Thursday, June 23, 2016

Pretty picture: Paphiopedilum Hampshire Medallion

I like paphs in general, but I really like Hampshire Medallion. Big, flattish, light-colored, spotted but not bumpy: something about that combination pleases me.1

There have been a few "Hampshire" paphs previously (Hampshire White Light, Hampshire Greenfield); although they don't appear to be particularly related to Hampshire Medallion, all three plants are registered by the same hybridizer (Arnold J. Klehm), so this appears to be yet another case of a breeder staking a claim on a particular word and naming their entire output after that word, as I-Hsin Biotech has done with "I-Hsin" and OX Orchid Farm has done with "OX."

As I churn through lists of words, looking for names for the Schlumbergera seedlings,2 I'm more and more sympathetic to this approach. I didn't realize before I started doing it just how quickly the list of all possible names gets whittled down, when you're talking about a particular seedling.

Like, soon, I have to come up with a name for an orange Schlumbergera. Rule out all the options that are inappropriate / offensive ('Piss Christ,' 'Nazi Party'), not offensive exactly but still unappealing ('Maggot Infestation'), deliberately confusing or misleading ('Gardenia Perfume,' 'Sky Blue Sky,' 'Hylocactus'), technical or jargony ('Undisenfranchised,' 'Cholecystectomy'), likely to step on another hybridizer's toes ('Interpretive Dancer,' which I love as a concept, but would probably lead to a fight with whoever has been producing the "Dancer" plants: 'Caribbean Dancer,' 'Cyber Dancer,' 'Exotic Dancer,' 'Limelight Dancer,' 'Polka Dancer,' etc.), overly similar to names I've already used ('Strawberry Shortcake;' close enough to 082A "Strawberry Madeleine" as to give me pause), or too obvious ('Sunset Orange,' 'Tangerine Dream'), and there are surprisingly few options left. After a while, the only way to generate usable novelty is to start throwing random words together.

Which is presumably how we've wound up with orchid names that sound like someone threw random words together, e.g. Masdevallia Copper Angel 'Highland' or Goodaleara Pacific Truffle 'Surrogate Star.' I'm not 100% convinced that this is necessarily a problem,3 and if it is a problem then I'm not sure every breeder picking a special word to identify their output is a particularly good solution,4 but whatever the solution, I have a much deeper understanding of the problem than I did when I started blogging about them back in 2007. If Arnold J. Klehm wants to stake a claim on the word "Hampshire," more power to him, I guess.

Paphiopedilum Hampshire Medallion = Paph. Hanes' Medallion x Paph. Barbi Playmate (Ref.)


1 See also Paph. Lunacy, Paph. concolor, Paph. bellatulum, Paph. Huddle 'Joan,' Paph. delenatii x Paph. Doctor Jack, etc. Though the stripey ones are still better.
2 Which I thought was over for the year, but then Schlumbergera 200 produced a bud -- in June! -- down in the basement, which is in the process of opening as I write this (on Tuesday the 21st). I'll give you three guesses what color it is, and the first two don't count.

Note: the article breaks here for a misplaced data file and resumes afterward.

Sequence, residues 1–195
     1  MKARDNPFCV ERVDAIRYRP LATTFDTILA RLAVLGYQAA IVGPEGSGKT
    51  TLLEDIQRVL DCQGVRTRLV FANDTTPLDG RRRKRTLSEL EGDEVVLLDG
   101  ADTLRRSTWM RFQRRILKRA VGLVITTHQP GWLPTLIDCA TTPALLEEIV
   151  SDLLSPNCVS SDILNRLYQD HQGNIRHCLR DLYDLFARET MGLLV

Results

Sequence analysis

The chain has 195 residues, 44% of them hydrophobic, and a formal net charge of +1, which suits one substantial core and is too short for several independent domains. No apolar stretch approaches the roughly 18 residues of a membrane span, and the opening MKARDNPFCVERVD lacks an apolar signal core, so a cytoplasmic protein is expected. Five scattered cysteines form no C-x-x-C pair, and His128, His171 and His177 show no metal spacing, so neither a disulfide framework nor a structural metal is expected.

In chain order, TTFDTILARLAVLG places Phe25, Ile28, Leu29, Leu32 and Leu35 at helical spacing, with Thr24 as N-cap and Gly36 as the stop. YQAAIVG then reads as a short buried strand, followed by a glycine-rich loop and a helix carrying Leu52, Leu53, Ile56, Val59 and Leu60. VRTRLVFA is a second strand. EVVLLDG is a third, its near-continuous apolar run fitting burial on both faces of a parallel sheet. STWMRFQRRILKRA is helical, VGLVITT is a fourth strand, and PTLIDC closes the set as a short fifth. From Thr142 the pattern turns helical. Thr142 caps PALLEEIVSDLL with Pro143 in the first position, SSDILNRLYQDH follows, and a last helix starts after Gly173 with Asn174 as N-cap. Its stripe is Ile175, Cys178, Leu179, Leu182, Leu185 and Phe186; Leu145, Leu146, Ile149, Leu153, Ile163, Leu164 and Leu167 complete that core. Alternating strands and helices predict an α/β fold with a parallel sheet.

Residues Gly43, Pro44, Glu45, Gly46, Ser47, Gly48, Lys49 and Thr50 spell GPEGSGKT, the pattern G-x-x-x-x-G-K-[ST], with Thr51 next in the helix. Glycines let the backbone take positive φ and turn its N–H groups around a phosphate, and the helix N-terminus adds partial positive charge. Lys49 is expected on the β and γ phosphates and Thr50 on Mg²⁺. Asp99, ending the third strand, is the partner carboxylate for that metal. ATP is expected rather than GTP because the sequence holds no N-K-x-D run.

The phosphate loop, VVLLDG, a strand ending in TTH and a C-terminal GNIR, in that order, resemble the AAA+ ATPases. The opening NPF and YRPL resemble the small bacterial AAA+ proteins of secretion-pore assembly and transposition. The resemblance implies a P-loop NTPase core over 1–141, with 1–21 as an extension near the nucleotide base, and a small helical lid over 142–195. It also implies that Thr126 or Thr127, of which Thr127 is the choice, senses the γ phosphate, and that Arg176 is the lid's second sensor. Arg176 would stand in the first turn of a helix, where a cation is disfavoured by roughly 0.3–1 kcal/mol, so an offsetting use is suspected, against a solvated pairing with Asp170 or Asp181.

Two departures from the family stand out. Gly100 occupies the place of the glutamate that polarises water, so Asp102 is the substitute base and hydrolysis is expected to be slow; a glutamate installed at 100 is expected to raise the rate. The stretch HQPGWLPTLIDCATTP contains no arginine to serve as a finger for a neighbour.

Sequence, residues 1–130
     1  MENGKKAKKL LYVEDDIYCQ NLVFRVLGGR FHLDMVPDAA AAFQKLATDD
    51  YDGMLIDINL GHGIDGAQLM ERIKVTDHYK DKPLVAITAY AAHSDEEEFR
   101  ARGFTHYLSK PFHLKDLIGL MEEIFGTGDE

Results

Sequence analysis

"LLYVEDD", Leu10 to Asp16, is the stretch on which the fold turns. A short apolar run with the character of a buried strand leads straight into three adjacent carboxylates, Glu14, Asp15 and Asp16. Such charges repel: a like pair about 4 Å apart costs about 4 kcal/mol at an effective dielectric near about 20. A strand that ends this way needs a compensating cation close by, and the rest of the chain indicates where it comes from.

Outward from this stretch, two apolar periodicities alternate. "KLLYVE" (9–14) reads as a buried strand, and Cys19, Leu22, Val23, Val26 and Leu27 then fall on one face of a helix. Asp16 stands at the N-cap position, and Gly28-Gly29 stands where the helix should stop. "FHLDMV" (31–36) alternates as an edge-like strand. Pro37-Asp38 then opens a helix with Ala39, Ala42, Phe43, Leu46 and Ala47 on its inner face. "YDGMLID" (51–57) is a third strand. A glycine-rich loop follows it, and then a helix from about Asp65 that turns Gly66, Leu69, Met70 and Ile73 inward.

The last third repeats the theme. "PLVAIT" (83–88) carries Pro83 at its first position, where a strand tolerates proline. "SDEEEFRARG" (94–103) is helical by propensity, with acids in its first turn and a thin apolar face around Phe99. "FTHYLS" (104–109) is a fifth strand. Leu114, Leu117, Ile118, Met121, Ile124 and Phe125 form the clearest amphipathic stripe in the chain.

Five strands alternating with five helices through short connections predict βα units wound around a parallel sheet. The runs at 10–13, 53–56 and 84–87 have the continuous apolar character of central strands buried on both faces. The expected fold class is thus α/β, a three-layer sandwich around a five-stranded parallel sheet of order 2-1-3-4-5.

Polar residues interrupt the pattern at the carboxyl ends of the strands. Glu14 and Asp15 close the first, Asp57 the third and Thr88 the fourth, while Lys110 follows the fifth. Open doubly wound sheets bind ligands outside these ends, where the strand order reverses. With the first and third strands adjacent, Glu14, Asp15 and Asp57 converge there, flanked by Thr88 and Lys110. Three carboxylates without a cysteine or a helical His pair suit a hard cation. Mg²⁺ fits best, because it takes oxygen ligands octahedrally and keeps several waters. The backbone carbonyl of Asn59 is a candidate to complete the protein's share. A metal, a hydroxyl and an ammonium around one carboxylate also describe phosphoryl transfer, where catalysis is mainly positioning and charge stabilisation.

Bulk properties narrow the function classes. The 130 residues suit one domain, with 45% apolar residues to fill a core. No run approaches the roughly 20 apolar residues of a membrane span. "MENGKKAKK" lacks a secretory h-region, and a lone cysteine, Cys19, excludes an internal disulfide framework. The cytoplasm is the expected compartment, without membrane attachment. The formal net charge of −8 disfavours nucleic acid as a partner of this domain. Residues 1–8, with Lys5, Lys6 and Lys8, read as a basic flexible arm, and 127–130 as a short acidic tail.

3 (I suppose it depends on how comfortable one is with nonsensical and surreal names. It occurs to me that orchid names could make fantastic strong passwords, à la "correct horse battery staple," if one chose an obscure enough orchid. And clonal names even automatically include two single-quotes as non-alphanumeric symbols, making them that much stronger.)
4 Another option for generating large numbers of names would be to choose a single word that can be paired with a large number of others and still make some kind of sense, as with the "Dancer" line of Schlumbergeras or the "Love" Anthuriums. Though there are even fewer words that combine sensibly with a large number of other words, so the number of ways to do that successfully is probably limited.

Wednesday, June 22, 2016

Anthurium no. 0417 "Tilda Endatime" / Unfinished business: Araucaria bidwillii

Another seedling, another 'Gemini' look-alike.

The leaves aren't so hot either, though I'm a little bit curious about their shape. A few seedlings have had convex, dome-like leaves like this. In some cases, this was caused by insect damage distorting the leaf's development, but occasionally I run into a seedling that does this whether it has bug problems or not. I don't like it (it makes it harder for me to blast thrips off a plant if the sprayer can't reach the undersides of the leaves, which may partly explain why Tilda seems to have more thrips damage than her neighbors), but it's something slightly outside the norm.

In any case, Tilda isn't a great seedling. Probably gone in the next purge.

Also, I said a while ago that I would show you what my first Araucaria bidwillii was looking like these days, once it was warm enough to take the plant outside for photos. I did the photo-taking part and then got distracted before I could do the showing-you part.1 But here it is as of April 2016: